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This was a presentation to a coalition of policy advocates, social service providers, and academics, to give members an overview of the Baker Administration’s revised …
For more information, view the presentation slides here. *** The Envisioning Equity Series: Fall 2020 – MassBudget hosted a series of community …
Read the statement by Marie-Frances Rivera, president of the Massachusetts Budget and Policy Center (MassBudget), on Governor Baker’s revised Fiscal Year (FY) 2021 Recommendation.
The Massachusetts Budget and Policy Center decided not to prepare a revenue estimate number for this hearing, said its president, Marie-Frances Rivera, citing “all the uncertainty and variables.” In April, MassBudget said that if patterns from prior recessions hold and there is some limited growth, fiscal 2021 collections could land between $5 billion and $5.7 billion shy of the estimates budget writers agreed to in January.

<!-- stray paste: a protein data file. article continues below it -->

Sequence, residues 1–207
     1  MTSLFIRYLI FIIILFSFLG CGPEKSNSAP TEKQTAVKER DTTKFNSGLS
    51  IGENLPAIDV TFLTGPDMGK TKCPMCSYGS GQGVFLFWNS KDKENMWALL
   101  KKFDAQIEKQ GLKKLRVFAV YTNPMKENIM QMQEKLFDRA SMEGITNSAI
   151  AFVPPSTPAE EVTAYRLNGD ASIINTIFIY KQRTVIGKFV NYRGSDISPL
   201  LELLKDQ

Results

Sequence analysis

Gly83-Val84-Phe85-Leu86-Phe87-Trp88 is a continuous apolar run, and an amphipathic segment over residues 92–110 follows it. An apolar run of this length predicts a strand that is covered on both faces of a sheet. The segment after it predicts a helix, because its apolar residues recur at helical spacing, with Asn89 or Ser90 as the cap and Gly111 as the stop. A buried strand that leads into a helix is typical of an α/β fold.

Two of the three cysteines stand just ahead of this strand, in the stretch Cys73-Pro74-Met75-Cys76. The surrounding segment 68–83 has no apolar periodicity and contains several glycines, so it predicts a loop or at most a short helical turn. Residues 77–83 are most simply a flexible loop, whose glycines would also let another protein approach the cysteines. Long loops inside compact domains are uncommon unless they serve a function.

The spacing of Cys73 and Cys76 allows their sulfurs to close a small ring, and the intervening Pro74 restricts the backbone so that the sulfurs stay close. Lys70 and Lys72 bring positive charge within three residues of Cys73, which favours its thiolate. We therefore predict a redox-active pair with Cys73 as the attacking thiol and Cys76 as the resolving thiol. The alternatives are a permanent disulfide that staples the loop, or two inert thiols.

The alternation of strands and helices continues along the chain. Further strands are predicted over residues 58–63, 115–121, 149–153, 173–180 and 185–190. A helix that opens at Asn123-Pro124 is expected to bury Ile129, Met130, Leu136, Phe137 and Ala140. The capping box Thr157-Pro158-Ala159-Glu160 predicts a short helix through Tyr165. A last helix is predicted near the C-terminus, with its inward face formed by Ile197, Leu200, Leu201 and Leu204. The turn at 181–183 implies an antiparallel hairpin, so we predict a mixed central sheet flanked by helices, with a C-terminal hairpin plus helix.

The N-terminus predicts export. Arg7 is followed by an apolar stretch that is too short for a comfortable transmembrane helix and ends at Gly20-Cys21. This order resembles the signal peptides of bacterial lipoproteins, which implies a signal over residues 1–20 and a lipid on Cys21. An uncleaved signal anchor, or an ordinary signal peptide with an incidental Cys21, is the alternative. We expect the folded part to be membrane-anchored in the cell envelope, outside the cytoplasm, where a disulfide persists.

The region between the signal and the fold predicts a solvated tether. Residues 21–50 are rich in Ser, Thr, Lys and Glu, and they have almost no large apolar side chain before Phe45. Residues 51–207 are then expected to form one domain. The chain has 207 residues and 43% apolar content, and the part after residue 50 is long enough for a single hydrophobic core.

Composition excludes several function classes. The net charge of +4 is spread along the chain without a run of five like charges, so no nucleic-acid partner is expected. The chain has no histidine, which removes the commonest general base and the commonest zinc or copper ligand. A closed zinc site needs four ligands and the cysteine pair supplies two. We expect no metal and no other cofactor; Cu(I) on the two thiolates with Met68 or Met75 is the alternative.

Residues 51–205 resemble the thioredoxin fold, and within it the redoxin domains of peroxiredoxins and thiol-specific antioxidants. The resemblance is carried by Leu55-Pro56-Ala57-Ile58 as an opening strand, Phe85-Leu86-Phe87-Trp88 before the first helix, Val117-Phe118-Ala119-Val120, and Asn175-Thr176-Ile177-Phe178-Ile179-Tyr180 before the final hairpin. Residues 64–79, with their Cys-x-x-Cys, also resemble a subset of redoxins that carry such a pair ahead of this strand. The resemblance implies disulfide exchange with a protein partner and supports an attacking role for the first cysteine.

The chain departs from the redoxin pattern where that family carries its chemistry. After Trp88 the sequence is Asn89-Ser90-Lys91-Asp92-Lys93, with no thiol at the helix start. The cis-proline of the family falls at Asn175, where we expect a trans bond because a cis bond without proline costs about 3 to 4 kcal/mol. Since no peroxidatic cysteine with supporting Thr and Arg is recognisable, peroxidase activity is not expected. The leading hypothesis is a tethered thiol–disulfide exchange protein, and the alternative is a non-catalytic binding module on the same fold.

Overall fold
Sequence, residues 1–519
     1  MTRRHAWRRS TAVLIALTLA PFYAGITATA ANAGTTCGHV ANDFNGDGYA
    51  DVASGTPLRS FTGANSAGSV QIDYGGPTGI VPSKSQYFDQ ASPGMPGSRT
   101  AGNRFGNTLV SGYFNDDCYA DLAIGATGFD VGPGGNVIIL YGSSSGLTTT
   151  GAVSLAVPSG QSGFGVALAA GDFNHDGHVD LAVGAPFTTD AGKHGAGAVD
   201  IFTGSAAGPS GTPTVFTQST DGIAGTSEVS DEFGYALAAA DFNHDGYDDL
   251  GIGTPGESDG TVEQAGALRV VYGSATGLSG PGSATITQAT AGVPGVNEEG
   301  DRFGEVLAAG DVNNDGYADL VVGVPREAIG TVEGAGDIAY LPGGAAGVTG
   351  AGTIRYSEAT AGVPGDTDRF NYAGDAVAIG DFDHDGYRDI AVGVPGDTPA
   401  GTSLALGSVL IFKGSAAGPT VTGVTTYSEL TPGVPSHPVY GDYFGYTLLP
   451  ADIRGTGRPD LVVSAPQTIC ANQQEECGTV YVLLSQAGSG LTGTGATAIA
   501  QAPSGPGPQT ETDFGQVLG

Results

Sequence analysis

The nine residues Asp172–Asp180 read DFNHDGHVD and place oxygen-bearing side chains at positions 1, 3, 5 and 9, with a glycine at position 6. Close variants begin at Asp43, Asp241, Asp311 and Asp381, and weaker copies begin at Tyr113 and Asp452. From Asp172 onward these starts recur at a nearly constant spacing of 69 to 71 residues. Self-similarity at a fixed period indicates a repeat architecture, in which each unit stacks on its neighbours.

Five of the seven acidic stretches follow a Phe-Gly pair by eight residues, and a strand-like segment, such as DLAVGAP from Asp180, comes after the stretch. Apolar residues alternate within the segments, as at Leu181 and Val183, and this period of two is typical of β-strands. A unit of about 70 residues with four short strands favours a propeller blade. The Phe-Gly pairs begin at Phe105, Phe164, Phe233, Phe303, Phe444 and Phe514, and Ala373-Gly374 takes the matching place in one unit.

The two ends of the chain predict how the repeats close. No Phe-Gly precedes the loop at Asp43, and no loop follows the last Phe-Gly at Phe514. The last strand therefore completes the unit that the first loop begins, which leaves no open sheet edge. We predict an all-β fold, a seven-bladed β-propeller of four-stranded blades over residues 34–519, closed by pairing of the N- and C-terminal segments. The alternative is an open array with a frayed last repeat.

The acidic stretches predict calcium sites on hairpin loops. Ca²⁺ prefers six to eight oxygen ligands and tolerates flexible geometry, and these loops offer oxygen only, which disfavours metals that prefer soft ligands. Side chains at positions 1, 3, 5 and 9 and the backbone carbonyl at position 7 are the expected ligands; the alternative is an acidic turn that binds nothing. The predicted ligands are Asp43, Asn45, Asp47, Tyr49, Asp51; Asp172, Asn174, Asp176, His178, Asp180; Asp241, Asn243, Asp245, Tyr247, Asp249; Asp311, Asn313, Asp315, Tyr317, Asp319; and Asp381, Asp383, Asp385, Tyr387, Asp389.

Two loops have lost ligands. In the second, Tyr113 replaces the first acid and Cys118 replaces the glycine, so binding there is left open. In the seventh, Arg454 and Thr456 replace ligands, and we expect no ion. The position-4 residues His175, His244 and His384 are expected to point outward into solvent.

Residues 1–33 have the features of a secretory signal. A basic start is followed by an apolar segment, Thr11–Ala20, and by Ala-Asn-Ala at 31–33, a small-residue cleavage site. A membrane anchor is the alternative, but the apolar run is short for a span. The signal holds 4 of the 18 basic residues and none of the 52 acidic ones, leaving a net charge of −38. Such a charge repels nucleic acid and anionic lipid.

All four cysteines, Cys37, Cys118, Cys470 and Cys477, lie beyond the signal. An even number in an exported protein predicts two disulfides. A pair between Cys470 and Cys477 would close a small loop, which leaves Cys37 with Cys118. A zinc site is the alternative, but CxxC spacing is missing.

“We think that there’s a budgetary crisis that’s happening and we all have to be just fully aware and eyes-open about that,” Rivera said Wednesday. “There’s danger because all of the public goods that we’re relying on to guide us through this public health economic crisis, whether it’s health care, whether it’s housing people, whether it’s educating our young people, a lot of these are in jeopardy and the needs are growing.”
According to the News Service, Massachusetts Budget and Policy Center, a state finance think tank, says its time for lawmakers to consider other ways to fill budget gaps, other than borrowing money.
They include tapping into the state’s $3.5 billion reserves and adopting “new policies to increase revenue.”
Translation: raising taxes.
States rely on borrowing to manage their finances in good times and bad. Yet borrowing is not a substitute for raising the revenue needed for an economic recovery. Policymakers should look to raising progressive new revenues paired with limited borrowing to avoid cuts to critical public spending.